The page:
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I was wondering that since H2O was 66% of the human body, hydrogen would be the most. But apparently carbon is. Can someone explain that?

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closed as unclear what you're asking by Mithoron, Tyberius, andselisk, Melanie Shebel, Todd Minehardt May 4 at 17:48

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    $\begingroup$ You have to clarify what you mean by most, whether that means number of atoms or by mass percentage. @JacobLee $\endgroup$ – Tyberius May 1 at 22:33
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    $\begingroup$ And you could take most of the water out of a human body and still have a body (a dead one, admittedly). $\endgroup$ – matt_black May 2 at 0:20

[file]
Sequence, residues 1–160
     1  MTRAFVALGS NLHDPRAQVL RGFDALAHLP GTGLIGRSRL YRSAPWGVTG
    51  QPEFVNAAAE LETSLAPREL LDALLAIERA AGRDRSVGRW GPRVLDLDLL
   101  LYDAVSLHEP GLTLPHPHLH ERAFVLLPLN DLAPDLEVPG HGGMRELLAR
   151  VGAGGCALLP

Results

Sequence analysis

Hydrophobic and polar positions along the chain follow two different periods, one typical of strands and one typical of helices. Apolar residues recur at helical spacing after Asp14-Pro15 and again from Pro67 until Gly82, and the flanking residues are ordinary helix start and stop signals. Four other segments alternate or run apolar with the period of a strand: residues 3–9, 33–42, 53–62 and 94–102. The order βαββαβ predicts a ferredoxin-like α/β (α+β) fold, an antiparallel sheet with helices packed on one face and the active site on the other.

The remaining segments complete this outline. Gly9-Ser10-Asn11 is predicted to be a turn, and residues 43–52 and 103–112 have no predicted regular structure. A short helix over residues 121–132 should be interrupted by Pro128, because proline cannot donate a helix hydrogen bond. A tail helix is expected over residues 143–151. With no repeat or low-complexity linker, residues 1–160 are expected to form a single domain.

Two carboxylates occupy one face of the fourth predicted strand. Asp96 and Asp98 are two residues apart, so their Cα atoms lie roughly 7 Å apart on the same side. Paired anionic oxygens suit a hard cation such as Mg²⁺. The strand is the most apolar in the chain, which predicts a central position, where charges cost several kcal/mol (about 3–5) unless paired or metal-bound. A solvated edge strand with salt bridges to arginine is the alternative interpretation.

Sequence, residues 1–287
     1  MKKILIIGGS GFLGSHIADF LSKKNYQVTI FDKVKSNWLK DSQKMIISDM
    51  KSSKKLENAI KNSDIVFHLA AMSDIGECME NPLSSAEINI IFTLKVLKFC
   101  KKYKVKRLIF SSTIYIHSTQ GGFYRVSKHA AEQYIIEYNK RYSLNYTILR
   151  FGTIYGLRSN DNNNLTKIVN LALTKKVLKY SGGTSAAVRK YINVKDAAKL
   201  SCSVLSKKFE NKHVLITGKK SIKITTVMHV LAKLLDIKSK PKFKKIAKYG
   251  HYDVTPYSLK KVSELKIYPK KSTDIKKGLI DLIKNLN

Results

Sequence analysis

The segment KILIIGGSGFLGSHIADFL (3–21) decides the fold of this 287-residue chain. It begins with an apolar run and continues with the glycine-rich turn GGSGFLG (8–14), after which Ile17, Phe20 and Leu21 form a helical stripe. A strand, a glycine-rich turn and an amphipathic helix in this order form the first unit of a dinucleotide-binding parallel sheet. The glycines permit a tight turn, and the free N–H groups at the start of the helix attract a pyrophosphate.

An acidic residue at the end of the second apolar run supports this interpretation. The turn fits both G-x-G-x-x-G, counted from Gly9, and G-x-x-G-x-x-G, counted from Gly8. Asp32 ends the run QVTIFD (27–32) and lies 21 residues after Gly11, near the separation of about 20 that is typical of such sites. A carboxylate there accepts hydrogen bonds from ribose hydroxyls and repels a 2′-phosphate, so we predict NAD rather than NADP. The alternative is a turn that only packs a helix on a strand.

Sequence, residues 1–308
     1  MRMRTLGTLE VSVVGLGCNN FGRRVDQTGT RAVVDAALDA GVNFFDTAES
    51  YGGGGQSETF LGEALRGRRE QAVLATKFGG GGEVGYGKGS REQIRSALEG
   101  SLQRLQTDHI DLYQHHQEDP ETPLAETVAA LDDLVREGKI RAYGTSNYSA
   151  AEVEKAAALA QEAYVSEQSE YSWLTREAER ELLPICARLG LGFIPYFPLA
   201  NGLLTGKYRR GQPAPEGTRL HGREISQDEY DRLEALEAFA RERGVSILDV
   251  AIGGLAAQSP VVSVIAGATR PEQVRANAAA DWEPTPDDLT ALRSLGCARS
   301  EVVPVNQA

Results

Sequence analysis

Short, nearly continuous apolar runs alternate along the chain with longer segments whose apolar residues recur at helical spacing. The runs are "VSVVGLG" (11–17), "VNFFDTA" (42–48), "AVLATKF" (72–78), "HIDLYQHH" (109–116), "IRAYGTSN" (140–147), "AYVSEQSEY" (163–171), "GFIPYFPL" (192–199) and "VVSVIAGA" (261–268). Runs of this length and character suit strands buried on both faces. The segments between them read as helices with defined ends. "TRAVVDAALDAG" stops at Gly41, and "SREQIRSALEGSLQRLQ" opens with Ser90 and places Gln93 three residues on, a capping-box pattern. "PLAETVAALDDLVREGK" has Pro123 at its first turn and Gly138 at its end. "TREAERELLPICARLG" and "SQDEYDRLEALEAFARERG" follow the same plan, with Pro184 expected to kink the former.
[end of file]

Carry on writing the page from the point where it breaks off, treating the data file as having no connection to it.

• $\begingroup$ I don't think a lack of clarity on atomic vs mass % is sufficiently unclear that the question cannot be answered. $\endgroup$ – A.K. May 3 at 5:26
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No, carbon is not the most common element of the human body. The human body is mostly water, so the most common element is bound to be hydrogen or oxygen.

Which one wins depends on the rules of your game. If you are counting atoms in all those $\ce{H2O}$ molecules, you choose hydrogen. If you go by mass instead, oxygen is the most common element in our bodies.

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